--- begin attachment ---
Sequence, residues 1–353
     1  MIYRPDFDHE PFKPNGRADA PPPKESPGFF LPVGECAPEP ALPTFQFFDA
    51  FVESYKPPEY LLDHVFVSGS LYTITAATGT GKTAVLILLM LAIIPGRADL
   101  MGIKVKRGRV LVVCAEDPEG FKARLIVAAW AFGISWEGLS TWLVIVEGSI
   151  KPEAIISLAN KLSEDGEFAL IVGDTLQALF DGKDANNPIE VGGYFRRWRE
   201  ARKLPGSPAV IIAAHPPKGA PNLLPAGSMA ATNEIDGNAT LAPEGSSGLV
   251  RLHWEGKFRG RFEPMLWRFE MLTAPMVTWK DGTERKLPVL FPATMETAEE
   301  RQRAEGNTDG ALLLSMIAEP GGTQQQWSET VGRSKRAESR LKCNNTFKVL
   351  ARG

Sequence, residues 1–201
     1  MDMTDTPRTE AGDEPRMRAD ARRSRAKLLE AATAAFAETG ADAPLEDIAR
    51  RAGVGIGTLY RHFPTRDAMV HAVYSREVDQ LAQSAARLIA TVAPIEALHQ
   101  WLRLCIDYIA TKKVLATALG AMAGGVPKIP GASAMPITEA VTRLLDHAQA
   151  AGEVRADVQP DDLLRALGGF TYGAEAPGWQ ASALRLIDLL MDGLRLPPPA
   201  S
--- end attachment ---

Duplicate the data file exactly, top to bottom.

Sequence, residues 1–353
     1  MIYRPDFDHE PFKPNGRADA PPPKESPGFF LPVGECAPEP ALPTFQFFDA
    51  FVESYKPPEY LLDHVFVSGS LYTITAATGT GKTAVLILLM LAIIPGRADL
   101  MGIKVKRGRV LVVCAEDPEG FKARLIVAAW AFGISWEGLS TWLVIVEGSI
   151  KPEAIISLAN KLSEDGEFAL IVGDTLQALF DGKDANNPIE VGGYFRRWRE
   201  ARKLPGSPAV IIAAHPPKGA PNLLPAGSMA ATNEIDGNAT LAPEGSSGLV
   251  RLHWEGKFRG RFEPMLWRFE MLTAPMVTWK DGTERKLPVL FPATMETAEE
   301  RQRAEGNTDG ALLLSMIAEP GGTQQQWSET VGRSKRAESR LKCNNTFKVL
   351  ARG

Sequence, residues 1–201
     1  MDMTDTPRTE AGDEPRMRAD ARRSRAKLLE AATAAFAETG ADAPLEDIAR
    51  RAGVGIGTLY RHFPTRDAMV HAVYSREVDQ LAQSAARLIA TVAPIEALHQ
   101  WLRLCIDYIA TKKVLATALG AMAGGVPKIP GASAMPITEA VTRLLDHAQA
   151  AGEVRADVQP DDLLRALGGF TYGAEAPGWQ ASALRLIDLL MDGLRLPPPA
   201  S